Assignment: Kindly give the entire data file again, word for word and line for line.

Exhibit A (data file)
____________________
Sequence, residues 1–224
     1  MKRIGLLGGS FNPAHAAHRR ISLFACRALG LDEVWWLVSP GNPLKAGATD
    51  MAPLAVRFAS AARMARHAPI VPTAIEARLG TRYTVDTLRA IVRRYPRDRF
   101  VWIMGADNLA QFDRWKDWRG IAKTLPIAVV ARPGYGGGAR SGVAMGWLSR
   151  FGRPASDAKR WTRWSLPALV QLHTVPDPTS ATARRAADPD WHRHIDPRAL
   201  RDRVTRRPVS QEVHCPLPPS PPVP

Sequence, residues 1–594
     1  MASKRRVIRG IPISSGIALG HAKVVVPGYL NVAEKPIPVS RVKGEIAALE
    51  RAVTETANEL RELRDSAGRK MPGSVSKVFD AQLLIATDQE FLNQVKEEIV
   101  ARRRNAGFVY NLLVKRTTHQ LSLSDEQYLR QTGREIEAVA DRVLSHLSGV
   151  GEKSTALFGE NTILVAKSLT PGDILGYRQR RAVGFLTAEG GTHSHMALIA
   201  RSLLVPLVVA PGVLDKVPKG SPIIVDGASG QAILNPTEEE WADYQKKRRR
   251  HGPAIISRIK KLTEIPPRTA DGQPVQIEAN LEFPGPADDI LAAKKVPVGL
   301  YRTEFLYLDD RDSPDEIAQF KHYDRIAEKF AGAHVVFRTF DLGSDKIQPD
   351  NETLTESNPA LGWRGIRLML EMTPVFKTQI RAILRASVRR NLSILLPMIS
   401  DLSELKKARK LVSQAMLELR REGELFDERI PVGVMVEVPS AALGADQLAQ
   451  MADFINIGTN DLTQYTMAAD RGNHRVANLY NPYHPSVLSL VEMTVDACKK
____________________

Sequence, residues 1–224
     1  MKRIGLLGGS FNPAHAAHRR ISLFACRALG LDEVWWLVSP GNPLKAGATD
    51  MAPLAVRFAS AARMARHAPI VPTAIEARLG TRYTVDTLRA IVRRYPRDRF
   101  VWIMGADNLA QFDRWKDWRG IAKTLPIAVV ARPGYGGGAR SGVAMGWLSR
   151  FGRPASDAKR WTRWSLPALV QLHTVPDPTS ATARRAADPD WHRHIDPRAL
   201  RDRVTRRPVS QEVHCPLPPS PPVP

Sequence, residues 1–594
     1  MASKRRVIRG IPISSGIALG HAKVVVPGYL NVAEKPIPVS RVKGEIAALE
    51  RAVTETANEL RELRDSAGRK MPGSVSKVFD AQLLIATDQE FLNQVKEEIV
   101  ARRRNAGFVY NLLVKRTTHQ LSLSDEQYLR QTGREIEAVA DRVLSHLSGV
   151  GEKSTALFGE NTILVAKSLT PGDILGYRQR RAVGFLTAEG GTHSHMALIA
   201  RSLLVPLVVA PGVLDKVPKG SPIIVDGASG QAILNPTEEE WADYQKKRRR
   251  HGPAIISRIK KLTEIPPRTA DGQPVQIEAN LEFPGPADDI LAAKKVPVGL
   301  YRTEFLYLDD RDSPDEIAQF KHYDRIAEKF AGAHVVFRTF DLGSDKIQPD
   351  NETLTESNPA LGWRGIRLML EMTPVFKTQI RAILRASVRR NLSILLPMIS
   401  DLSELKKARK LVSQAMLELR REGELFDERI PVGVMVEVPS AALGADQLAQ
   451  MADFINIGTN DLTQYTMAAD RGNHRVANLY NPYHPSVLSL VEMTVDACKK